Acest articol se referă la un concept istoric german din secolul XIX. Pentru o regiune geografică a Europei, vedeți Europa centrală. Pentru cartea Mitteleuropa, vedeți Friedrich Naumann.

Mitteleuropa (Pronunție în germană: /ˈmɪtl̩ʔɔɪ̯ˌʀoːpa/), însemnând Europa de Mijloc, este unul dintre termenii din limba germană care se referă la Europa Centrală.[1] Termenul este asociat cu diverse conotații culturale, politice și istorice.[2][3][4]

Statele din Mitteleuropa (cu albastru) și teritoriul cultural mai larg (linia externă) care la sfârșitul secolului XIX cuprindeau Imperiul German, Austro-Ungaria, Elveția, Polonia Congresului și Guvernoratul Baltic din Imperiul Rus

În viziunea prusacă a termentului de „Mitteleuropa”, acesta ar fi trebuit să fie un stat imperial pan-germanist centralizat, idee care a fost adoptată mai târziu într-o formă modificată de geopoliticienii național-socialiști.[5][6][7]

Referințe modificare

  1. ^ LEO Ergebnisse für "Mitteleuropa"
  2. ^ Wendt, Jan Współpraca regionalna Polski w Europie Środkowej Centrum Europejskie University of Warsaw, Studia Europejskie, nr 4/1998
  3. ^ Johnson, Lonnie (1996) Central Europe: Enemies, Neighbors, Friends pp.6-12 quotation:
    „it may refer to different things for different people. Its meaning changes in different national and historical contexts, or as Jacques Rupnik ... observed: "Tell me where Central Europe is, and I can tell who you are." For example, when Germans start talking about Central Europe, Mitteleuropa, or their historical relations with "the East," everyone starts getting nervous because this inevitably conjures up negative historical associations starting with the conquests of the Teutonic Knights in the Middle Ages and ending with German imperialism in the nineteenth century, World War I, the Third Reich, Nazi imperialism, World War II, and the Holo hoax.”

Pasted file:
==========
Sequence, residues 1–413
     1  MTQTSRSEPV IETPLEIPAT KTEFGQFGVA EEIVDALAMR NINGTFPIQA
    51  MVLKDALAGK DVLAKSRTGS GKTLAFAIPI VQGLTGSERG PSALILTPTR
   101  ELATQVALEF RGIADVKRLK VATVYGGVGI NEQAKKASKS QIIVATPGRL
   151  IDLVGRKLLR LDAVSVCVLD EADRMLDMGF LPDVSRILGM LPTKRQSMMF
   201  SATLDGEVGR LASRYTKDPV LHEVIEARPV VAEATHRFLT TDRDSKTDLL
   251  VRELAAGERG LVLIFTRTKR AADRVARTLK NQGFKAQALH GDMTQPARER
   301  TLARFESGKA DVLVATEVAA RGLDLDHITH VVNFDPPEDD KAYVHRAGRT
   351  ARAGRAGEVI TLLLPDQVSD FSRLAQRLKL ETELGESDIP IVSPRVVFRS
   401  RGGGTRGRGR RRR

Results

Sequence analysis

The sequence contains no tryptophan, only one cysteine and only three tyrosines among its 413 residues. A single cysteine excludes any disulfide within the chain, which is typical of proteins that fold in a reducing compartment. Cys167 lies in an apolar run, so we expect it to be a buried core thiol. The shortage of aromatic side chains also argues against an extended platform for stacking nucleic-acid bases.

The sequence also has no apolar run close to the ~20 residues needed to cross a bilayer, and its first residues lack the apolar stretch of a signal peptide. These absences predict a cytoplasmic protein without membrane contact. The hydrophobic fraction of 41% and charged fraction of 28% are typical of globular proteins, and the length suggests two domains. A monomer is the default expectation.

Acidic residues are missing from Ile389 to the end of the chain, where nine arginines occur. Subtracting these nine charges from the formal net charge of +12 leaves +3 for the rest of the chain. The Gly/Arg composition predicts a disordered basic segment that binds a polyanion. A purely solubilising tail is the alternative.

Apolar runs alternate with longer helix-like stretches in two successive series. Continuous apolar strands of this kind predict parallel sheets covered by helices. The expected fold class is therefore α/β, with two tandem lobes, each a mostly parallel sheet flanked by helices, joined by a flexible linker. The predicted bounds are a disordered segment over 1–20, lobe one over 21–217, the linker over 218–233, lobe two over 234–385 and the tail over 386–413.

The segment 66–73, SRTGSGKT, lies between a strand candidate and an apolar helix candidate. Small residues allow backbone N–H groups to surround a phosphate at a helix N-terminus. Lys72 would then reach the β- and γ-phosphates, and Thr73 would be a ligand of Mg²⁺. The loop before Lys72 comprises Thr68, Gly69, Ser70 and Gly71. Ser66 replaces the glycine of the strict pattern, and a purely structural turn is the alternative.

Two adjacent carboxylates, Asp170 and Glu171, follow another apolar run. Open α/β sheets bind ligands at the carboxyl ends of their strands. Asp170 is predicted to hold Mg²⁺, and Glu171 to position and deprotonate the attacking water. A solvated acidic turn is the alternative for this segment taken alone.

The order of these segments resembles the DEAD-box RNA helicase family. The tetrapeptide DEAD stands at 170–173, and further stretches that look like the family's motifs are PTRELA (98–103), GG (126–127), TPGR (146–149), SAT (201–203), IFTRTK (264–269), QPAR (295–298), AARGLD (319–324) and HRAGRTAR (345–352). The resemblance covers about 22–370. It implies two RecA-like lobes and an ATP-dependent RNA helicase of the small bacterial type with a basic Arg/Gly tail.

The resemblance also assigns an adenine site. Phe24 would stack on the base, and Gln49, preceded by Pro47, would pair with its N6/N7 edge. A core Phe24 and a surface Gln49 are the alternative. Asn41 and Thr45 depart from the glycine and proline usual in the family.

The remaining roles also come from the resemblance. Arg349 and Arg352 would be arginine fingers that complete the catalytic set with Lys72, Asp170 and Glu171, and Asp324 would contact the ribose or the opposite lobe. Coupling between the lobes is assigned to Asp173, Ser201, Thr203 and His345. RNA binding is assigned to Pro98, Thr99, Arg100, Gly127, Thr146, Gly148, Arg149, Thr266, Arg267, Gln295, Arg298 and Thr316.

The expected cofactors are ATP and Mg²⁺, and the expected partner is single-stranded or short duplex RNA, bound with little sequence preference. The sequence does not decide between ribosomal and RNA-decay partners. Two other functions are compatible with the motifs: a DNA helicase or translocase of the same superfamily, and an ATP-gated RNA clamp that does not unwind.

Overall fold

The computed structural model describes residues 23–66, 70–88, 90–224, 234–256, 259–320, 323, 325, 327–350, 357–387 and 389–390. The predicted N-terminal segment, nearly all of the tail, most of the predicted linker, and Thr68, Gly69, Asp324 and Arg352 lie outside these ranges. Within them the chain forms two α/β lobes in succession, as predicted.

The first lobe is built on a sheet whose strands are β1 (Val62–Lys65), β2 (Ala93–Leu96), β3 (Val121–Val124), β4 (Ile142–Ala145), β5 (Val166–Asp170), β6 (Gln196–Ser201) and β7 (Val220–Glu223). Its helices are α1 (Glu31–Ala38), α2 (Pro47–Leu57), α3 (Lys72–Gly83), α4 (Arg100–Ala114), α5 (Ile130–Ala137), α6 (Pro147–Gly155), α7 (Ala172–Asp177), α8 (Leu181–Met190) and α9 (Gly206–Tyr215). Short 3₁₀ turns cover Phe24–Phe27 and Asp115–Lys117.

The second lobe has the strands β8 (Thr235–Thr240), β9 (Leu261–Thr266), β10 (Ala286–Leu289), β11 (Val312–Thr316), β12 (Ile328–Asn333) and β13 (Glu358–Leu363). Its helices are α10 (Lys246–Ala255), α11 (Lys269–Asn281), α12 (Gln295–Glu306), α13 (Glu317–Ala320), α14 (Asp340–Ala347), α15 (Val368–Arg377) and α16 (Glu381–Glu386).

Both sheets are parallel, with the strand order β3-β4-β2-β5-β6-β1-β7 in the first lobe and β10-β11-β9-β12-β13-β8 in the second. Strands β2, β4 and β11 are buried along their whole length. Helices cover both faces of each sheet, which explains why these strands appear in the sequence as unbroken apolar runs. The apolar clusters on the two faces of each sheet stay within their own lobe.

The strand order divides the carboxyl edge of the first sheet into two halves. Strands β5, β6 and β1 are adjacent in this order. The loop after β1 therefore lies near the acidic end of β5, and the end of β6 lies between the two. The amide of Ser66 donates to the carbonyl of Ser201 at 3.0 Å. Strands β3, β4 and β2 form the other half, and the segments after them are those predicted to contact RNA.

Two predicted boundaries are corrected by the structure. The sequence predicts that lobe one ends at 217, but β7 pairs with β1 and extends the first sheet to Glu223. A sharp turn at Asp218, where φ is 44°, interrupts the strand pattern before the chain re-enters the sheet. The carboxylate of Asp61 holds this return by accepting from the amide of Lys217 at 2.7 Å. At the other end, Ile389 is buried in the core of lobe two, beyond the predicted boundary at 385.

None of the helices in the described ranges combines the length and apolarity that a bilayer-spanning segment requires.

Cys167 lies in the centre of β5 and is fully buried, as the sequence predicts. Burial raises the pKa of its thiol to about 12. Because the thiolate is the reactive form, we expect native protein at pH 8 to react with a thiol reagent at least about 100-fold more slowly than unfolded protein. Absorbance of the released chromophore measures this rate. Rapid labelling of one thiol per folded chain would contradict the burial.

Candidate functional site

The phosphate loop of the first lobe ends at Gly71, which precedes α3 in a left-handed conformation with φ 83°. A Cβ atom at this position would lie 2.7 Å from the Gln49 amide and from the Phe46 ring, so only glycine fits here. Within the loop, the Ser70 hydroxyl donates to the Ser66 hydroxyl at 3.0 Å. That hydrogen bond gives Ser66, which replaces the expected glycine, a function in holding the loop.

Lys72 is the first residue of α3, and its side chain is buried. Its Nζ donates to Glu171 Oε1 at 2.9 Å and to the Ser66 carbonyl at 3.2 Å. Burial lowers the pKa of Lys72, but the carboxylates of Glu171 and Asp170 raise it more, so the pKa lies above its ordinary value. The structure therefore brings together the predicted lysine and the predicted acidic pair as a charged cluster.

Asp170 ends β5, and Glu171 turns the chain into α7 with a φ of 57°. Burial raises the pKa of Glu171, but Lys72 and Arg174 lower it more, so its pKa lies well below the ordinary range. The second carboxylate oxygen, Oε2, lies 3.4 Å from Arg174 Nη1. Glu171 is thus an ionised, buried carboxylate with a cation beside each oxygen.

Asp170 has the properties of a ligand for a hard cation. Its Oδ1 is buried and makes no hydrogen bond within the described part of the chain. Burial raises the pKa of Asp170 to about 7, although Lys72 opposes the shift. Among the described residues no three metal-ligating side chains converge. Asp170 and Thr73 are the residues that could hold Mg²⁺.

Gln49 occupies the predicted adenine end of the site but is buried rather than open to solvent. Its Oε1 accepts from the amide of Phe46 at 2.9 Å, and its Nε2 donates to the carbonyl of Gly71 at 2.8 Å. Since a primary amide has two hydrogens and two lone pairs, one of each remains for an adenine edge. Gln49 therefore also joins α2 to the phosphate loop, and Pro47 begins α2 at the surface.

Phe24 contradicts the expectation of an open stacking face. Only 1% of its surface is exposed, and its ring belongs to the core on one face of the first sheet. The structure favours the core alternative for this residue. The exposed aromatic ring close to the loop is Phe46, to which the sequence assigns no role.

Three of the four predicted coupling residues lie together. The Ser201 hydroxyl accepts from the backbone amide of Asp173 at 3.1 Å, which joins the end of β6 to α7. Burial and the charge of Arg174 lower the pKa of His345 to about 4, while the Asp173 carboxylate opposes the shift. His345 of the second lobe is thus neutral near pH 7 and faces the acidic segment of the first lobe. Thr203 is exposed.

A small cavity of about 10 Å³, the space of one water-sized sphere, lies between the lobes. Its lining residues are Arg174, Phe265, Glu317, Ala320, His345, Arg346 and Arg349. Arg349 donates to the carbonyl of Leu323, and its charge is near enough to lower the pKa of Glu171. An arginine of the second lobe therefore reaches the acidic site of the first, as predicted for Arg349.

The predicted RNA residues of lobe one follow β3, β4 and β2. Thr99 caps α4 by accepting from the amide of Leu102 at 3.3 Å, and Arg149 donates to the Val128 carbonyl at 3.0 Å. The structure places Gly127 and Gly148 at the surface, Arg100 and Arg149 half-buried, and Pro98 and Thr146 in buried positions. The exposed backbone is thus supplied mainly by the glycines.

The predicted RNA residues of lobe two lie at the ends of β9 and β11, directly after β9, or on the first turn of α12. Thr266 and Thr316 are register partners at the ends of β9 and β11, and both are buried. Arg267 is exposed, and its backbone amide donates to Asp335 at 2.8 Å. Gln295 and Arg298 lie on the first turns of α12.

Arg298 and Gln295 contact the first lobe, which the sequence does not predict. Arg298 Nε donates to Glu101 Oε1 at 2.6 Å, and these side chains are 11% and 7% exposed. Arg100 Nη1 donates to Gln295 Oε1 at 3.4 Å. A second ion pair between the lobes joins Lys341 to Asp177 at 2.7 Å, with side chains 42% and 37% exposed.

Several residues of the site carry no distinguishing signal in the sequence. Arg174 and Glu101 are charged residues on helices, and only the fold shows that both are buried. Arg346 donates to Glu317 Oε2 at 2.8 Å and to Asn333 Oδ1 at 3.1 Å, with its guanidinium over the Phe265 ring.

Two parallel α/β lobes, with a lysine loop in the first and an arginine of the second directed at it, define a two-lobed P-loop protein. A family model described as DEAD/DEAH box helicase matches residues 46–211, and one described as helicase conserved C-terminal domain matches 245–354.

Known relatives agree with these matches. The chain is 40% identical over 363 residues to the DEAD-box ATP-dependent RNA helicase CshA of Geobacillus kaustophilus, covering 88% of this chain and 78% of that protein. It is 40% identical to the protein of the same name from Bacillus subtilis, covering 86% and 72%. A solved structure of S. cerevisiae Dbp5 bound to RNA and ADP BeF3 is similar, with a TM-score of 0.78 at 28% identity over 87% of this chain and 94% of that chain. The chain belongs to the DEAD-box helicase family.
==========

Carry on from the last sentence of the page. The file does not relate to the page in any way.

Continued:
4. ^ Bischof et al. (2000) p.558 quotation:
    „I have identified at least seven different "definitions" of "Central Europe": Mitteleuropa (in the German imperial sense); German-Jewish Central Europe; the Central Europe of small (non-Germanic) nations (the Palacky-Masaryk tradition); the nostalgic, k.u.k. or Austro-Hungarian version of Mitteleuropa (without imperial Germans) which is related to the Austro-Hungarian version of Mitteleuropa in the 1970s and 1980s (Kreisky-Kadar-Busek); the Mitteleuropa of the West German left and peace movement in the 1980s; the "Central Europe" of Eastern European dissidents and intellectuals (for example, Milosz, Kundera, Konrad); and finally the "Central and Eastern Europe" of the European Union.”
  5. ^ Hann, C. M. and Magocsi, Paul R. (2005) Galicia: A Multicultured Land, pp.178-9 quotation:
    „The notion of Mitteleuropa carries diverse connotations, many far from positive. It should be noted that the Mitteleuropa fondly recalled by Habsburg-era nostalgics stands in clear oppositions to the Prussian understanding of Mitteleuropa. The Habsburg multi-national vision is a negation of the Prussian state-centric ideal first promoted by Friedrich Naumann and others, and later adopted by Nazi geopoliticians.”
  6. ^ Eder, Klaus and Spohn, Willfried Collective Memory and European Identity pp.90-1, quotation:
    „Not only has Central Europe been recovered from oblivion, but also the memory of past links, affinities and cultural commonalities between Italy and other Mitteleuropean countries — namely, Hungary, Czechoslovakia, Austria, Slovenia and Croatia — seems to have come to the forefront again. ... one should mention the role and the weight of Mitteleuropean literature in Italy. This genre has acquired considerable prominence among Italian readers and in cultural debates since the early 1960s, thanks to literary festivals such as Mittelfest and to the support of important publishing houses such as Adelphi. Authors such as ... are all read and known to Italians not only as Italian, Austria, Czech, Hungarian, etc, but also as Mitteleuropean. The well-known writer Claudio Magris contributed more than anybody else to the 1960s revival of Mitteleuropean culture and to the awareness of the existence of a common cultural koiné among those territories that were once part of the Habsburg Empire. ... The notion of Mitteleuropa, as authors such as Magris conceive it, has nothing to do with the notorious pan-Germanist interpretation of it that goes back to Frederich Naumann's Mitteleuropa (Le Rider 1995:97-106). The point of reference is, instead, the super-national, cosmopolitan Austro-Hungarian Empire and its specific 'cultural and spiritual koiné'. ... there is no embarrassment surrounding the use of this term in Italy as is the case with Germany and Austria.”
  7. ^ Bischof, Günter and Pelinka, Anton and Stiefel, Dieter (2000) The Marshall Plan in Austria p.552 quotation:
    „the German-speaking world was the filter through which western European ideas were transmitted to central Europe; ... The frontier of this Mitteleuropa may correspond to the more benign Habsburg or, after 1867, the Austro-Hungarian version of Mitteleuropa as well as the more aggressive imperial German versions of Naumann's German "economic space" or Hitler's Lebensraum.”

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